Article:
First, all Christians are aware of the ways in which our culture falls short of God’s intentions. Here genuine progress would entail God’s image-bearers increasingly living up to their pluriform responsibilities in the various spheres of life: husbands and wives remain faithful to each other; parents do not abuse their children; governments refrain from oppressing their citizens; church attendance goes up; the gospel is preached; governments stop pursuing policies that, while pretending to enhance individual freedom, actually contribute to social anomie; political corruption decreases; people use technical developments for good rather than for ill.

    Many Christians properly focus on the above, because they know that the proliferation of evil has deleterious effects on the social order. Christians on both right and left try to bring the larger society into conformity with the expressed will of God in, e.g., the Decalogue or the Sermon on the Mount, by focussing on such issues as abortion, euthanasia, alcoholic beverages (a century ago), or poverty.

    Second, I would argue for a reading of the cultural mandate that recognizes that the divine call to form culture exists even apart from the post-fall realities of sin and salvation. We image-bearers are not called to redeem our cultures. Only God in Christ can do that. But we are called to develop culture. Here I would strongly recommend a reading of Andy Crouch’s excellent book, Culture Making: Recovering Our Creative Calling. While Jacques Ellul, George Grant and others view technology as nearly a fall from grace, I am persuaded that we should view our cultural creativity as rooted in our God-given nature. Certainly such developments are subject to abuse, given our sinfulness, but this cannot discredit the developments themselves.

    Some possible examples of such progress include representative government, constitutional federalism, modern banking systems, the market, the limited liability corporation, improvements in transportation and communication, refrigeration, improved agricultural methods, international organizations, mass literacy and education, the welfare state (but not an omnicompetent one) and even the softening (though not the elimination) of gender roles. All of these arguably, if not incontestably, can be said represent positive developments of general benefit to humanity. Their absence centuries ago did not represent evils from which our ostensibly more enlightened contemporaries have recently liberated us. Their presence now simply represents legitimate uses and improvements of what God gave us from the outset.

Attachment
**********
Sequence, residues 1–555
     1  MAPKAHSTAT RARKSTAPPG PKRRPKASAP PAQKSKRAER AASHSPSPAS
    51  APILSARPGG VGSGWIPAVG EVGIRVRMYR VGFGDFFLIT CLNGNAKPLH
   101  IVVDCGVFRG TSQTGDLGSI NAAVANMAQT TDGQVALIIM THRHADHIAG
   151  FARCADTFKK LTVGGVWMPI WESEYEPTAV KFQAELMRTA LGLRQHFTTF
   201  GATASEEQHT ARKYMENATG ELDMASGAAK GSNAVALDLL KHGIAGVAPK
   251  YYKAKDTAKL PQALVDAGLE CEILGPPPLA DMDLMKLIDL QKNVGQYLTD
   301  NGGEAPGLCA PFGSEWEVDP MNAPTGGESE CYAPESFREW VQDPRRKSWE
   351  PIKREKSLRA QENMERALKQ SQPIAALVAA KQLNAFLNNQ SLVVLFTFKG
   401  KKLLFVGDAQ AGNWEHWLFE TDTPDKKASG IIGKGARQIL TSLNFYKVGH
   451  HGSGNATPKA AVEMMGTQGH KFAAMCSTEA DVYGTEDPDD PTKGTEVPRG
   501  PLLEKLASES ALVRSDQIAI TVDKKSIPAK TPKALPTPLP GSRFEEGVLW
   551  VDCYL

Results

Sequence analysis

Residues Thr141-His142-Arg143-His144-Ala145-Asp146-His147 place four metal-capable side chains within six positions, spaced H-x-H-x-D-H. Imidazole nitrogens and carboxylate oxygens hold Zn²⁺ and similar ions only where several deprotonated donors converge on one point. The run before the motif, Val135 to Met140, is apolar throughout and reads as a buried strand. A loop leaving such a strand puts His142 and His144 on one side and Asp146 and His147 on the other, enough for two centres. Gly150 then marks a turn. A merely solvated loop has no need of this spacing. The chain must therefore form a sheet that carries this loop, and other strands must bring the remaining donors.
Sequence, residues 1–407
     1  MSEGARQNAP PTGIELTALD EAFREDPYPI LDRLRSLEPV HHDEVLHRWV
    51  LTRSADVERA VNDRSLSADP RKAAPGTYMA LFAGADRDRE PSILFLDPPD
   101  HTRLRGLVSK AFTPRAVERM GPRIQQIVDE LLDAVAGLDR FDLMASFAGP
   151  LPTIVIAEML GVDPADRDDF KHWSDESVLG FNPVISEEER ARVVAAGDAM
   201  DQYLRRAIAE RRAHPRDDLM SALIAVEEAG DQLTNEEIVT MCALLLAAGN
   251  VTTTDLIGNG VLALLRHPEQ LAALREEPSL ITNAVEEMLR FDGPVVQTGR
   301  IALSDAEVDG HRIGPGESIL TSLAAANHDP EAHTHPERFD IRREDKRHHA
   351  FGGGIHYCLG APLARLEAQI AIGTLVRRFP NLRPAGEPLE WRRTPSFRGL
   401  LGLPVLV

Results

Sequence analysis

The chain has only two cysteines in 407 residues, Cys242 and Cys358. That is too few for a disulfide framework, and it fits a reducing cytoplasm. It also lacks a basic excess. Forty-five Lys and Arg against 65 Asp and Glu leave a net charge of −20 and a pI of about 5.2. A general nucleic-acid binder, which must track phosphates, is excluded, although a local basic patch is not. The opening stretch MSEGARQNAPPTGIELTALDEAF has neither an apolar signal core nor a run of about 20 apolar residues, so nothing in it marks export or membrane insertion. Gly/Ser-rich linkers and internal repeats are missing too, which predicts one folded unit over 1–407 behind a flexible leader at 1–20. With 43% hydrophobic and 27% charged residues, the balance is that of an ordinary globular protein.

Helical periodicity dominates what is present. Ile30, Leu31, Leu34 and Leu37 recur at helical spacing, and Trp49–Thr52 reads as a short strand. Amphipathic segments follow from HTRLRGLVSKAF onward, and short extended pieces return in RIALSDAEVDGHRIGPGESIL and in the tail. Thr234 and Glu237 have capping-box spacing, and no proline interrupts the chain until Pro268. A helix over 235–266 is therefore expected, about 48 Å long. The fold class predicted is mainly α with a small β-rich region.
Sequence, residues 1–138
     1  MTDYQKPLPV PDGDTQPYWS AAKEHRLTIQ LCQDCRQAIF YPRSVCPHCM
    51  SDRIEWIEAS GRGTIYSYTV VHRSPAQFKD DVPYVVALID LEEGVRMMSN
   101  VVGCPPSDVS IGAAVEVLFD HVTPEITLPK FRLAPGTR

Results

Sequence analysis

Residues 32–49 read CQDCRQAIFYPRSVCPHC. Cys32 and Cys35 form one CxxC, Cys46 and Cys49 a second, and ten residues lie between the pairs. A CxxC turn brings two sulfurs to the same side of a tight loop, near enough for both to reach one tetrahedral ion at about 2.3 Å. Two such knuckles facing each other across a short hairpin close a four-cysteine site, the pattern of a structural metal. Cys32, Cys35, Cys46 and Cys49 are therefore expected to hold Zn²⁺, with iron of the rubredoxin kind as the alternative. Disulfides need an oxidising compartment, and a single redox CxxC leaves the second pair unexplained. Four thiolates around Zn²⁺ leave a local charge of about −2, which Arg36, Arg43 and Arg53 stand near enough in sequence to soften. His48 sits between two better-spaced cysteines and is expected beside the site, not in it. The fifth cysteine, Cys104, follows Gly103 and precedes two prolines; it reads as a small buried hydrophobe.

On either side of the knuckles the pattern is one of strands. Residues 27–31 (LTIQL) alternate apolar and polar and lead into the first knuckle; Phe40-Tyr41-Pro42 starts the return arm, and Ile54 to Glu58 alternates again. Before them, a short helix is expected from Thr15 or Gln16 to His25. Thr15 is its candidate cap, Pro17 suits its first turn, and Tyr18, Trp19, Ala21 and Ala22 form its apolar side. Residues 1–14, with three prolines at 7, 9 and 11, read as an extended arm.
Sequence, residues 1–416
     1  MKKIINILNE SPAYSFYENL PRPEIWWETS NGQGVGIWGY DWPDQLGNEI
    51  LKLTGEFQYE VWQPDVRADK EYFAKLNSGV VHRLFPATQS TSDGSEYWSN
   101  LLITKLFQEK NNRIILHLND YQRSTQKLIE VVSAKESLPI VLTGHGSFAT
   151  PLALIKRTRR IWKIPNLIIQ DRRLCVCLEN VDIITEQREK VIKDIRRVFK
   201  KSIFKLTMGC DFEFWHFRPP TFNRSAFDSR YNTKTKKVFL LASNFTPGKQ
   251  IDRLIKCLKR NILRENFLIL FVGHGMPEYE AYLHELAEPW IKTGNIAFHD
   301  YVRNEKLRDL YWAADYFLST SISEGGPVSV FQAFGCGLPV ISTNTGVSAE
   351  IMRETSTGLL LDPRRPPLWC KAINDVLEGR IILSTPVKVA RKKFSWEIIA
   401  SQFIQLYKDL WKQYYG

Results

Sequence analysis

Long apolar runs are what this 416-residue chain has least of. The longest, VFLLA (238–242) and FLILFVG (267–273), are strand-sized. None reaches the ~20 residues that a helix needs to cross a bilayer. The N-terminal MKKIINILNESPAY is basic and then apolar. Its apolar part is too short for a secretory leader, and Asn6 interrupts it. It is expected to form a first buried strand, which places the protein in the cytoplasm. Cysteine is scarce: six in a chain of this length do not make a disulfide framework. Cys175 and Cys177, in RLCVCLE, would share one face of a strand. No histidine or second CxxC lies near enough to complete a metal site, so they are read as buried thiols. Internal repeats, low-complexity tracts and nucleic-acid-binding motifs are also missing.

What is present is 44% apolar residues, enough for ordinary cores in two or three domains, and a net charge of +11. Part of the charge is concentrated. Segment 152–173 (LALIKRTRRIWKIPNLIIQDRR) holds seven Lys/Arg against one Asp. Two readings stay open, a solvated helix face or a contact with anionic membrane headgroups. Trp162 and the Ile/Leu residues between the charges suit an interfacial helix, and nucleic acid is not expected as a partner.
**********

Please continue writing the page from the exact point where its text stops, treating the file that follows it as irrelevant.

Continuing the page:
However — and this must never be forgotten — the legitimate development of God’s creation is not itself redemptive. This is where both Social Gospellers and “Save America” types often go wrong. The invention of time-saving devices has freed both men and women to pursue life paths not open to their forebears. Yet this greater range of options in no way brings people closer to living obediently in the light of God’s word. In fact, it may tempt us to assume that we can easily cushion ourselves from the destructive consequences of living as we please. This points to the grain of truth in the negative assessment of technology in Ellul and Grant. We cannot redeem ourselves and we are guilty of overweening pride and idolatry if we assume otherwise.

    To call ourselves genuinely progressive requires no small measure of discernment. We cannot afford to bypass this discernment process by assuming that we can accept the larger culture’s definition of progress and go from there. This is the error of many of our self-proclaimed progressive Christians. So, yes, with all these qualifications in mind, I am pleased to call myself a progressive Christian.

    09 November 2009

    The fall of the wall, plus 20

    Berlin Wall, 9 November 1989

    The autumn of 1989 was an exciting time to be teaching political science, due to the extraordinary events occurring in the former east European Soviet bloc. The culmination was, of course, the dramatic opening of the Berlin Wall on 9 November. A political illusion that had seemed so immovable for four decades collapsed with unprecedented swiftness over the course of a very few weeks. By Christmas it was all over, and a new era had begun. To my current students, of course, this is all ancient history, of which they have no memory.

    I might add that, in 1993, one of my former students travelled through Europe and brought back for me two pieces of the wall, which I have on a book shelf in my campus office.

    Later: The New York Times carries some wonderful before and after photographs of the Berlin Wall: A Division Through Time. They’re definitely worth a look.

    05 November 2009

    Is the end near?

    Christians have been engaging sporadically in eschatological speculation for most of the last two millennia, but a lot of people these days seem to be focussing on 21 May 2011 as the predicted Day of Judgement. Could this be part of an effort to preempt the Mayan calendar? In any event, final exams should be over and my grades turned in by then.

    02 November 2009

    Baptist preachers related?

    I may be the first person to have noticed the uncanny physical (though by no means ideological) resemblance between these two Baptist preachers, John Piper, of Desiring God Ministries, and the late Tommy Douglas, the father of Canadian medicare. See for yourself.

    John Piper
    Rev. John Piper

    Tommy Douglas
    Rev. Tommy Douglas

    01 November 2009